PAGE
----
war crimes in Ukraine

The Tribunal for Putin (T4P) global initiative was set up in response to the all-out war launched by Russia against Ukraine in February 2022.

Savchenko returned if Ukraine ‘recognizes’ a predetermined sentence

Halya Coynash
Agreement, as now suggested, to ‘extradition’ if Ukraine accepted the Russian court’s verdict could have serious implications for applications to the European Court of Human Rights whose findings in this gross case are otherwise entirely foreseeable
Photo: Anton Naumlyuk

Russia’s Justice Ministry has stated that Savchenko’s ‘extradition’ can be discussed if Ukraine recognizes the verdict passed by a Russian court and guarantees that she would serve her sentence in Ukraine.   Pavlo Petrenko, Ukraine’s Justice Minister was blunt in his comments, saying that Russia’s Justice Ministry had yet again confirmed the rubber stamp nature of the judicial system and courts in Russia.  Such a statement before a verdict has been handed down “demonstrates one thing alone, that the verdict has already been written, and that it will definitely be a conviction.”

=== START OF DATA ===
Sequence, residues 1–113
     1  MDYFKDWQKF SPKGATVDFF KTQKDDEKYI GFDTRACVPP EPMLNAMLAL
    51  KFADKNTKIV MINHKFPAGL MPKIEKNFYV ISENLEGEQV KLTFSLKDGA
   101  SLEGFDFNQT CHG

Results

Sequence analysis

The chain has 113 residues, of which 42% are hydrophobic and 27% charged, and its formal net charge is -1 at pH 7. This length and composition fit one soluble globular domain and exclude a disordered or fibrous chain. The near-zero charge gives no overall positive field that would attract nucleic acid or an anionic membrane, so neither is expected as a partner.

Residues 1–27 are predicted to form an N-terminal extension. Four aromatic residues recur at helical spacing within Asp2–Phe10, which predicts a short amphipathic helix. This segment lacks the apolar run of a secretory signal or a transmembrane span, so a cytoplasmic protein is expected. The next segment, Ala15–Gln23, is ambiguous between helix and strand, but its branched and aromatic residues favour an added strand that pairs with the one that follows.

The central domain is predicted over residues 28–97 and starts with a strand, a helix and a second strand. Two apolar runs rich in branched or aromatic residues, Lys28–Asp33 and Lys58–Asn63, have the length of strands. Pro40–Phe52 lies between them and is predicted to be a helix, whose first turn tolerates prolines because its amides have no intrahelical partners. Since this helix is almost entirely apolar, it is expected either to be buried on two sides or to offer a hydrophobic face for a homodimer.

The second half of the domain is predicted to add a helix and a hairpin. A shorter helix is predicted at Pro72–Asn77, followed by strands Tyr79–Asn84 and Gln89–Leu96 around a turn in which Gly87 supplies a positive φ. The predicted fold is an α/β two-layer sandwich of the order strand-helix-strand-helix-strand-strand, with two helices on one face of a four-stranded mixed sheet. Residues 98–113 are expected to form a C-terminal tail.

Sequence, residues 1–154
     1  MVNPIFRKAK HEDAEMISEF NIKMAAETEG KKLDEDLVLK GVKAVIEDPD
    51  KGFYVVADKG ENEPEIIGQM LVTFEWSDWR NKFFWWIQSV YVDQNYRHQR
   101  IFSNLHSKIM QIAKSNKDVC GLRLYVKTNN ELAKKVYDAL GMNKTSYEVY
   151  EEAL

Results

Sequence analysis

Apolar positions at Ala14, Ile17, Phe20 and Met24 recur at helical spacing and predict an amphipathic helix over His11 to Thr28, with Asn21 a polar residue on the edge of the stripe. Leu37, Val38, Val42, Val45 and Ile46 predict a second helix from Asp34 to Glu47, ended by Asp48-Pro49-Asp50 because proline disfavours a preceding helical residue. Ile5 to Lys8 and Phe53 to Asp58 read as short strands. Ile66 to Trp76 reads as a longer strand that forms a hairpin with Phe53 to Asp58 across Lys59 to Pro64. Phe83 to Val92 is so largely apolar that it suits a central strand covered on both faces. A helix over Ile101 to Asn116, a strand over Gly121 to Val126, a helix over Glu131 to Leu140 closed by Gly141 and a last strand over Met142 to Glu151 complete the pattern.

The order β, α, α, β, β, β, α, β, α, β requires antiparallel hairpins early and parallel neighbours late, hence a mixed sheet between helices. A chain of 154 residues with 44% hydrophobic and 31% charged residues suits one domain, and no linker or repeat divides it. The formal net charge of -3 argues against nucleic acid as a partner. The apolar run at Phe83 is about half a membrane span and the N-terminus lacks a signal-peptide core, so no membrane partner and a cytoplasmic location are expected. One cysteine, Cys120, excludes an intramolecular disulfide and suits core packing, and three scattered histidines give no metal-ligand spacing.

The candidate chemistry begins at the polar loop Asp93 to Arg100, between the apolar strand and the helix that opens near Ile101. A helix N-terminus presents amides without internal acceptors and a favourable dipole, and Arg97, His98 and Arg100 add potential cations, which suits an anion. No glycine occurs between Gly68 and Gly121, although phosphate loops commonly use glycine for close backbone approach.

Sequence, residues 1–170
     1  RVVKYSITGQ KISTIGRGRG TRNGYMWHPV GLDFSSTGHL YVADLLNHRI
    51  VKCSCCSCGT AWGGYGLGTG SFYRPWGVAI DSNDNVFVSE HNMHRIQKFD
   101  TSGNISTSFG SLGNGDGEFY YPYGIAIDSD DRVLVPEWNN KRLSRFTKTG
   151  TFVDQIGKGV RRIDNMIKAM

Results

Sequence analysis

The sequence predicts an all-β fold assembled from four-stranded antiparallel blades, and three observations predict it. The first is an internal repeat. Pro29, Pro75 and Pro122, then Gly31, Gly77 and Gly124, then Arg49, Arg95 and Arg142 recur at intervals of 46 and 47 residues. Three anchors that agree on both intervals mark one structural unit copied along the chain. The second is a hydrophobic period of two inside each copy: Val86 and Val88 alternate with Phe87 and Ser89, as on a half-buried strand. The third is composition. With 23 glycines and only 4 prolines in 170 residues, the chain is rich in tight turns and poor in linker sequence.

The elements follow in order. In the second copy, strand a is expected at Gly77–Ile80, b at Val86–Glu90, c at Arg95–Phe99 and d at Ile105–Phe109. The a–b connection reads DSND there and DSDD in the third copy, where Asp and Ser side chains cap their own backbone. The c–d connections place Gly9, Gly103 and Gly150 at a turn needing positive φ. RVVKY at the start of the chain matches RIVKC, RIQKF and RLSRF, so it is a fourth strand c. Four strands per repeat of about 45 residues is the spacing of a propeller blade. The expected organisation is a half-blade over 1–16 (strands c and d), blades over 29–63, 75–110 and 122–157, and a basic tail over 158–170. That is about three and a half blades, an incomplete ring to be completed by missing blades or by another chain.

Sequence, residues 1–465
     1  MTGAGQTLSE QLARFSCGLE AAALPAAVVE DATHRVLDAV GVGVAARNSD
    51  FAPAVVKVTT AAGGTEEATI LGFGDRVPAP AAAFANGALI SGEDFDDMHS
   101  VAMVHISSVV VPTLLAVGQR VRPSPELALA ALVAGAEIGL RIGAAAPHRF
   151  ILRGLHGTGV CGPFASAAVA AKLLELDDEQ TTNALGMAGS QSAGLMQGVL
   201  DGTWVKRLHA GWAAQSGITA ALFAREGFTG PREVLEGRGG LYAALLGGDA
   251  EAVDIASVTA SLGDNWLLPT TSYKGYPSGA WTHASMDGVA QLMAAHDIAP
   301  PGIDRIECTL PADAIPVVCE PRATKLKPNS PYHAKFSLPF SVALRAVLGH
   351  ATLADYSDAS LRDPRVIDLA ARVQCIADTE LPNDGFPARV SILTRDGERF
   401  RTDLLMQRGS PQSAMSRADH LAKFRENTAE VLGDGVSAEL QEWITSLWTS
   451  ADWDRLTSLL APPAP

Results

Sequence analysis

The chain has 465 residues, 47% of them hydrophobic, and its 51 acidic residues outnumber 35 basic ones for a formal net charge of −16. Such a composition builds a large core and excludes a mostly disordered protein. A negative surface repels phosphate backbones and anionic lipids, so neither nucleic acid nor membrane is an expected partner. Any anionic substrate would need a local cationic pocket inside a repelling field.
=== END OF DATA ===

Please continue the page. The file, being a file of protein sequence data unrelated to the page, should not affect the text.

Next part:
It would be difficult for anybody to believe in an acquittal in this case.  After all, if Savchenko is found innocent of ‘illegally crossing the border’, then Russia must explain why, after being captured by Kremlin-backed militants in Ukraine,   she was taken across the border into the Voronezh oblast, held prisoner by armed guards in the Euro Hotel, and visited every day by Investigative Committee ‘investigator’ Dmitry Manyshin.   Russia would have to find good reason for having effectively imprisoned for 18 months a Ukrainian MP and delegate to the Parliamentary Assembly of the Council of Europe [PACE].  And this when she has an unbreakable alibi and where there is no evidence backing the Investigative Committee’s claims.

Mark Feygin tweeted that the Russian ministry’s statement indicated one important thing, namely that the defence had totally proven Savchenko’s innocence, and for that reason, they were in a flap.